Spektor’s best work evokes great fiction not just because of its imaginative sense of character (refreshing at a time when sensitive songwriters are sometimes presumed to deliver uncut dispatches of their own trauma), but also in the mood twists and surprise endings she deploys. “One Man’s Prayer” is an instantly great example. It’s written as a plea from a lonely, incel-type guy—“If I won’t get to meet God/And I won’t get to be a God/Then at least God let me get looked at by a girl”—rendered sympathetic until the last verse, when it suddenly shifts into a dissection of power and misogyny. It’s compelling writing, emblematic of Spektor’s empathy and curiosity, and the song pulls off its glossy soft-rock leanings.

Spektor has always been a jumble of contradictions: a classically trained, Russian-born pianist who toured with the Strokes, won over the Meet Me in the Bathroom crowd, turned a multisyllabic pronunciation of the word “heart” into an unlikely chart hit, and charmed everyone from Chance the Rapper to Bill de Blasio, who fêted her at Gracie Mansion in 2019. Her songs have sometimes been unfairly dismissed as precious or twee, but there has always been that undercurrent of dark humor (who else could pull off a rousing singalong about carbon monoxide poisoning?) coursing through their veins.

Now, two decades removed from her debut, Spektor is modernizing her sound and harking back to her early years all at once. The prominent use of programmed beats—an experiment that pays off on the dizzying, feverish “Up the Mountain,” which evokes Post-era Björk and ancient folktales all at once—reflects the former impulse. Yet her decision to finally record old fan favorites like “Loveology” and “Raindrops,” both of which she debuted at concerts in the early 2000s, reflects that sense of time collapsing, as “Spacetime Fairytale” portends, within her own discography.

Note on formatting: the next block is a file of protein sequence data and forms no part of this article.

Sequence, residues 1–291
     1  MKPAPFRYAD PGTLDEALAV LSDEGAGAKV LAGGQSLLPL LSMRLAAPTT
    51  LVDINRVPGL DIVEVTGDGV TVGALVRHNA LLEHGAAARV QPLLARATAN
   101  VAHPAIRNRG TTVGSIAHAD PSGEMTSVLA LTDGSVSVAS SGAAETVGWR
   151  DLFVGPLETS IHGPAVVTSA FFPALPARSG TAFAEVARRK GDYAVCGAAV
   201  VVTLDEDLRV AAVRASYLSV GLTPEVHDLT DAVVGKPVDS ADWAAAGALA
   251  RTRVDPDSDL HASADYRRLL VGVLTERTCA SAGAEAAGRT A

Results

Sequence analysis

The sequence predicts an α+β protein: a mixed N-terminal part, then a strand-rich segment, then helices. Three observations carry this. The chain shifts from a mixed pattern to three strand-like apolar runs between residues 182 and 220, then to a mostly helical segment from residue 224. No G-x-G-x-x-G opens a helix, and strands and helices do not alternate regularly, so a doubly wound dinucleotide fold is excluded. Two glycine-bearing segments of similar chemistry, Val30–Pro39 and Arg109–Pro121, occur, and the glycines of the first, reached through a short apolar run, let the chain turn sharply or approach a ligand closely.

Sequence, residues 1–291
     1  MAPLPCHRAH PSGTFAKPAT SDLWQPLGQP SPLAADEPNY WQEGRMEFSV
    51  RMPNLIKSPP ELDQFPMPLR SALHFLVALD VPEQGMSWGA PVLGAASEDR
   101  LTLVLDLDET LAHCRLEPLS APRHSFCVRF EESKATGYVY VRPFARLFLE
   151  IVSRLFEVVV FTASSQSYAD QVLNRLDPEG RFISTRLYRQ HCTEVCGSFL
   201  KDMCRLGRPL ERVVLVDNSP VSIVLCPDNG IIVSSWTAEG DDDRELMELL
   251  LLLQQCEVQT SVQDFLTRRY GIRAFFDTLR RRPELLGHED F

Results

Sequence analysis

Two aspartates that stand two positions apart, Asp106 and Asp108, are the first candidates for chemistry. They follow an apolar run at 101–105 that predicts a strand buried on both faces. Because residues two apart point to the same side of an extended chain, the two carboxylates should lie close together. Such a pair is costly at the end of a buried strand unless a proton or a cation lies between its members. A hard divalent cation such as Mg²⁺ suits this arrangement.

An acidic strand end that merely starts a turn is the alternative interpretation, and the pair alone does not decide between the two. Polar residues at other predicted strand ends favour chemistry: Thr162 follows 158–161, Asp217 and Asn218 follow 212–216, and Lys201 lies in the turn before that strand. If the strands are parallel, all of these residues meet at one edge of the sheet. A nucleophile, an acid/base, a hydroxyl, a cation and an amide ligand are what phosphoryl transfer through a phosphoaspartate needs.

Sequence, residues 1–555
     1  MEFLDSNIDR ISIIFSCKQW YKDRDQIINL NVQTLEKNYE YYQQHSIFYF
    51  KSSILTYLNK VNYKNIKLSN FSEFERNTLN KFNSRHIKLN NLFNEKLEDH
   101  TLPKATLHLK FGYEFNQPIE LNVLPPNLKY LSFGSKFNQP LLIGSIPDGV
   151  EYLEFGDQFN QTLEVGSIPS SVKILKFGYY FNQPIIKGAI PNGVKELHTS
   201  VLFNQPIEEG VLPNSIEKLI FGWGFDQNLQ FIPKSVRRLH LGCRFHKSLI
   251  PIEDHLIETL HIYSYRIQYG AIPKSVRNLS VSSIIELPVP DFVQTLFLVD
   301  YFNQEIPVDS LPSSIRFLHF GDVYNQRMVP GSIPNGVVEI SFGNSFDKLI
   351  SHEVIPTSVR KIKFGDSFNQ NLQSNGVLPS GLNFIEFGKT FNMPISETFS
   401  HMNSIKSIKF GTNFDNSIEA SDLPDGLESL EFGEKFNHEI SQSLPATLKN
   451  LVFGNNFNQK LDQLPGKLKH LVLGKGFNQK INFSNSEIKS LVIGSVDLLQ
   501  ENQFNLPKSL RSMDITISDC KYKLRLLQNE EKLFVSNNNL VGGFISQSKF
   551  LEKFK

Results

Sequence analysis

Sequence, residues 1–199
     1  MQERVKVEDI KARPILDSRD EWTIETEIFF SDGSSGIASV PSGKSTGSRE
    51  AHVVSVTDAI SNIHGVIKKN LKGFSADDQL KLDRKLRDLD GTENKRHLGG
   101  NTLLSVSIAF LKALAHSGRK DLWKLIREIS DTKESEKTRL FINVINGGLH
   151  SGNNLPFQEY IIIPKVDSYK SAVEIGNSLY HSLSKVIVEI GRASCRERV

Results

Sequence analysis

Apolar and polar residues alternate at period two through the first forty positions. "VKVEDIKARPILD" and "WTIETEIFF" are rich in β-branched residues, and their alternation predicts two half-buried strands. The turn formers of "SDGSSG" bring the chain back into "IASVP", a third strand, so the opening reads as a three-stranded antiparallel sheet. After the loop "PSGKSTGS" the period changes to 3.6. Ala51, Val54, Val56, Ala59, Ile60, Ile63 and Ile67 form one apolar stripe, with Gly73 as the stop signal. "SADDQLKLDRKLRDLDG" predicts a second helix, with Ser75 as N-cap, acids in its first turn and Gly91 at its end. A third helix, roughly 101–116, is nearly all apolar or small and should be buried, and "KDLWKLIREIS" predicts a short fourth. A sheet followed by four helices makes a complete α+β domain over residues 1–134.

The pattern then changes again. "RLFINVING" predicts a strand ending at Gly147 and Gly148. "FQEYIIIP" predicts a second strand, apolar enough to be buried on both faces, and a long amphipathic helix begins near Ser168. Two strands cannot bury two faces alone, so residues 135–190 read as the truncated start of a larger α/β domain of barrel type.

Despite those songs’ faraway origins, you won’t mistake Home, before and after for an early Spektor recording. Vocally, this record is more accessible than anything she’s done. There are no throaty gasps, no out-of-nowhere falsetto squeals, no on-off Bronx accent. Her voice has deepened; her range is immense.

In a recent Guardian interview, Spektor reflected on that early-career outpouring of songs that generated “Loveology” and “Raindrops.” “I didn’t have any responsibilities,” Spektor recalled. “I would read a book; I would write a song.”

On those early records, like Soviet Kitsch, there was a bracing sense of raw possibility. Songs could swing from kooky anti-folk to cabaret to punk outbursts on a whim. Home, before and after, by contrast, sounds like the work of a seasoned professional. Every note is meticulous; every orchestral swell magnificently labored over. Back then, Spektor could captivate audiences with nothing but a piano (and maybe a single drumstick slamming against a chair). She still can, of course, when cornball production flourishes aren’t getting in her way.

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About Wanni Arachchige Udara Madusanka Perera

Hey, I'm Perera! I will try to give you technology reviews(mobile,gadgets,smart watch & other technology things), Automobiles, News and entertainment for built up your knowledge.
Regina Spektor - Home, before and after Music Album Reviews Regina Spektor - Home, before and after Music Album Reviews Reviewed by Wanni Arachchige Udara Madusanka Perera on July 01, 2022 Rating: 5